Graduating college is a huge achievement and deserving of the celebrations that go along with it. With a diploma in hand, the graduate enters a wide open world with endless possibilities. But with these possibilities comes increased financial responsibility: rent, car payments, job searches, student loan repayments.
Here are tips for recent grads to stay financially responsible while trying to land their dream job.
1. Develop a budget or spending plan. While your first job out of college may not be your dream one, it still provides earned income. After a few weeks on the job, think about your monthly income and what expenses you have. Think about basic needs first, such as food, shelter and clothing. How much money do you need for groceries, rent, utilities, transportation and student loan payments? Devise a budget and stick with it.
2. Make sure you understand student loan repayment options. According to studentaid.ed.gov, there are several repayment plans available for recent grads. If you’re having difficulty making payments, don’t ignore the situation. There are options such as lowering the monthly payment or applying for a deferment or forbearance, which allows you to stop paying the monthly student loan bill for a determined amount of time. Visit www.StudentLoans.Gov.
3. Start a rainy day fund. Life can be unpredictable: your car could need maintenance or you could experience a dental or medical emergency. Furthermore, consider the overall impact of these events, and the repercussions if you are not financially ready to address them: if your car is inoperable, or your health is impaired, your ability to work and to be productive may suffer, and your income is thereby jeopardized. Always think through the “what if” scenarios and plan accordingly.
4. Know your credit score. Being financially responsible decreases the odds of falling behind on bills, which can damage your credit score. If you have bad credit, you might be turned down for a car or home loan. Poor credit could also cause issues in attaining a good job. The website www.annualcreditreport.com is a helpful resource to use to find out credit scores as well as tips to clean up a spotty credit history.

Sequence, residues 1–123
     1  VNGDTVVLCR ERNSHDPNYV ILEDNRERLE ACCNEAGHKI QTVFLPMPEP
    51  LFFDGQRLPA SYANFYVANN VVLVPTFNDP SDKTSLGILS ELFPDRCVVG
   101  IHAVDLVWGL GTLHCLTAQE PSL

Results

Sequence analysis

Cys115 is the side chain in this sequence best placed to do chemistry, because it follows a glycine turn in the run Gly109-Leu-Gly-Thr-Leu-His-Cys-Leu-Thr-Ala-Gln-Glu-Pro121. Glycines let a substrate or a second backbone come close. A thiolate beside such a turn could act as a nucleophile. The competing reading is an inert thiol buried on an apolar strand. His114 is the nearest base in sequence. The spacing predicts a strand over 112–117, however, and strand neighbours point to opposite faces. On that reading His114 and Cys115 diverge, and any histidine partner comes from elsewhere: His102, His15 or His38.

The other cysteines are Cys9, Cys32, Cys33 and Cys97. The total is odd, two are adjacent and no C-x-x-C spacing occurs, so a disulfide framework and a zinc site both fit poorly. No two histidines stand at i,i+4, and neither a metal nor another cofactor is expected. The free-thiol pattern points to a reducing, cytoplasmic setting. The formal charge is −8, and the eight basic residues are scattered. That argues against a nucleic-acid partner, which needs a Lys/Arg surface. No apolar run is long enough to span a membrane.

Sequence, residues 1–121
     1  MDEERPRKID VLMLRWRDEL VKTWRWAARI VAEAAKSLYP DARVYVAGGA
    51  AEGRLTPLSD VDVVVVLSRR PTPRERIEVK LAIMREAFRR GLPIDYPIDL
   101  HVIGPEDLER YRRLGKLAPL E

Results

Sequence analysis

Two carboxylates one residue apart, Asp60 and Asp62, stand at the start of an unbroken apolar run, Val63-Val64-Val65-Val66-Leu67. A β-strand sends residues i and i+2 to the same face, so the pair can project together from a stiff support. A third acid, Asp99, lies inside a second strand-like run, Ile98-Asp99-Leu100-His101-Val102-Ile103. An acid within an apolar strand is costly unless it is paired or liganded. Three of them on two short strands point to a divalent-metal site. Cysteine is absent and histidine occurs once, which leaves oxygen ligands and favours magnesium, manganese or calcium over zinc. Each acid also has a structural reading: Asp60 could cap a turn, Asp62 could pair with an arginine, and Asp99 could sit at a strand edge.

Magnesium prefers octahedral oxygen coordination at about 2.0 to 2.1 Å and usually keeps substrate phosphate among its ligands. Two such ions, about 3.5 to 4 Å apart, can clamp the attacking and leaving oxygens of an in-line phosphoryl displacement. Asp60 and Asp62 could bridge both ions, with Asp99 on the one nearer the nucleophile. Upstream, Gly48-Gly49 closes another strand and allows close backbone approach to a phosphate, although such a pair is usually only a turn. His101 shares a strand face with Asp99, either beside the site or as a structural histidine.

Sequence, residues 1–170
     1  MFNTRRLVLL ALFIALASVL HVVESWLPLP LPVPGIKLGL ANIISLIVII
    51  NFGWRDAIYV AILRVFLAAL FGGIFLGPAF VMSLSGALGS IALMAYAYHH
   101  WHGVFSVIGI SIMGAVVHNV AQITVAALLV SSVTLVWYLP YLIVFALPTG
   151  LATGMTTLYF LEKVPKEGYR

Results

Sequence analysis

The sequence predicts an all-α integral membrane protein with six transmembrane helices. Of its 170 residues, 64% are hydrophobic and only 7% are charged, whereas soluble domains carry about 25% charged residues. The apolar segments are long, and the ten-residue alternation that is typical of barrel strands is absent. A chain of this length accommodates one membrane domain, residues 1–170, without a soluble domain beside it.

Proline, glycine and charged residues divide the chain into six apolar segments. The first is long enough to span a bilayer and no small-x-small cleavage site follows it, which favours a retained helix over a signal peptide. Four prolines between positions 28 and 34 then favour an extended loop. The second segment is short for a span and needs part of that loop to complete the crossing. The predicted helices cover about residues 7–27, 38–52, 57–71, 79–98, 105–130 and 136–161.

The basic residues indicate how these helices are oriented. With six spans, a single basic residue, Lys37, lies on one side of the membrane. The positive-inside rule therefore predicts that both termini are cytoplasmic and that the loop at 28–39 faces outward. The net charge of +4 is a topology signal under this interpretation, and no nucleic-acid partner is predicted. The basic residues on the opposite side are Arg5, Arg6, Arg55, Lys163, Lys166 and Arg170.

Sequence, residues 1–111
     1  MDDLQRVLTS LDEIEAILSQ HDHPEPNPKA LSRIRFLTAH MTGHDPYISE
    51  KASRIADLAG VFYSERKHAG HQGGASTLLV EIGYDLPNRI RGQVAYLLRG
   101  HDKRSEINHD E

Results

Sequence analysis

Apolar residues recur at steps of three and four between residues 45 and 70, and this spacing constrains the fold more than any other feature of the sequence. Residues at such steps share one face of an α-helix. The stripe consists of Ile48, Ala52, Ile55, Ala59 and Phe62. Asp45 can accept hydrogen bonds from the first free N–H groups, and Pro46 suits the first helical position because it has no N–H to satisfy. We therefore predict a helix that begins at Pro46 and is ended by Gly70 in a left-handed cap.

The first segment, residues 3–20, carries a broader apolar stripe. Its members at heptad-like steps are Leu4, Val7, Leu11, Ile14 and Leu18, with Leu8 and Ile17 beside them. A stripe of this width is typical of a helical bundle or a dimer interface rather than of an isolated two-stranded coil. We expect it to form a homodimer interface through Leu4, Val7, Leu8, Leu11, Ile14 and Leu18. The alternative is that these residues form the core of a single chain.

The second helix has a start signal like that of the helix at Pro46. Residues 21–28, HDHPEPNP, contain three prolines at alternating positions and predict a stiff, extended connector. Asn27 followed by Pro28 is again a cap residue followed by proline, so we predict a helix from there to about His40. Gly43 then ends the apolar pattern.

5. Protect yourself with insurance. According to the National Association of Insurance Commissioners (NAIC), the average renter's insurance policy costs between $15 and $30 per month. Renter’s insurance provides a safety net in case you get robbed or your apartment burns down. It may not hurt your pocketbook to replace stolen or damaged items, but being held liable for an accident in the apartment will be more costly. Health insurance is also a must, no matter how young and healthy you are. HealthCare.gov provides several options for recent college grads.
6. Think about retirement. When you’ve just landed that first job, retirement seems so far off – you tell yourself that there will be plenty of time later to start thinking about retirement planning. But if your employer matches employee contributions, failing to make your own contributions up to that match is like leaving a significant amount of money on the table. Think of it as supercharged wealth accumulation. It's a trifecta: employer contributions, tax deferred growth, and compounding interest all working for you to help you accumulate wealth for your future.
Using these simple tips will make the transition to adulthood easier and more affordable. You’re well on your journey to wealth creation.